Garrity explained that he originally had considered calling witnesses who knew Manon well to reinforce the mistaken identity defense by highlighting that his distinctive features would be difficult to miss. Ultimately, however, Garrity concluded that it was inadvisable to put witnesses who lived with Manon on the stand because he "didn't want to confirm . . . through a defense witness that in fact this individual, Dario Manon, lived at 485 Granite Street because that would, in my mind, link . . . the guy that the agent said was the seller, Dario, and my client Dario Manon."
Garrity also had other reasons for concern about what Martinez and Geraldy would say. Although Manon told Garrity that the boy would confirm that Manon had refused to sell drugs to an undercover agent who came to their home, Garrity testified that his investigator's interview with Geraldy was "totally inconsistent" with Manon's account of what happened. Garrity also testified that Manon had changed his story multiple times during their pre-trial conversations, and at one point had acknowledged involvement in the charged transactions.7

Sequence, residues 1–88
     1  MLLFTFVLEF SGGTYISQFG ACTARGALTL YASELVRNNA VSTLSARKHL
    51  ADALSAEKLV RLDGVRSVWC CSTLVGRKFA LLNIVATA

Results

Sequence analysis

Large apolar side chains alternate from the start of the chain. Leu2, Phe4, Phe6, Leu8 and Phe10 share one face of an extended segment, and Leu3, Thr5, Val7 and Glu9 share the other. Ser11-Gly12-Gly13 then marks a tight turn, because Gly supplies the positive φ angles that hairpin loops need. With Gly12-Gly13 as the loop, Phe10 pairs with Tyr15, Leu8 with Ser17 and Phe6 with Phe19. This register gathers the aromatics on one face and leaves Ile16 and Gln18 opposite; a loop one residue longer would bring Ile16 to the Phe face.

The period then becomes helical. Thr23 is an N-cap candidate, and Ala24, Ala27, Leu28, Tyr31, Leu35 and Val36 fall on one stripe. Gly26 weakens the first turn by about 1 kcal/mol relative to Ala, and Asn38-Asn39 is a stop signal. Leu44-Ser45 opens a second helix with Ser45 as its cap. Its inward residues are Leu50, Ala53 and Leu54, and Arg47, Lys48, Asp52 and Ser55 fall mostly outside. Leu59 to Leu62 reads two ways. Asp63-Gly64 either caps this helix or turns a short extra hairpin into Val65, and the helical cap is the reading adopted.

The district court concluded that Garrity made reasonable efforts to identify potential witnesses whose testimony would be favorable to Manon and that his decisions not to call the witnesses available to him were "defensible as tactical decisions." In our view, that assessment would be correct even if Manon had, as he claimed, told Garrity about Martinez and asked the attorney to call her and Geraldy as witnesses.8 The investigator's report showed that Geraldy would not have provided the favorable testimony that Manon said he could give, and there is no basis for thinking that Martinez would have been a better witness. Wiberg was unable to contact Martinez before the evidentiary hearing and thus could not make a proffer of her likely testimony. Given what he knew, Garrity could reasonably conclude that the risk of putting Martinez and Geraldy on the stand would outweigh any possible benefit from their testimony. We therefore agree with the district court that Garrity's failure to call them as witnesses was not a lapse of professional judgment. See Phoenix v. Matesanz, 233 F.3d 77, 81-83 (1st Cir. 2000) (noting that defense counsel's decision whether to call a particular witness is almost always strategic and observing that "'strategic choices . . . are virtually unchallengeable'" (quoting Strickland, 466 U.S. at 690) (emphasis omitted)).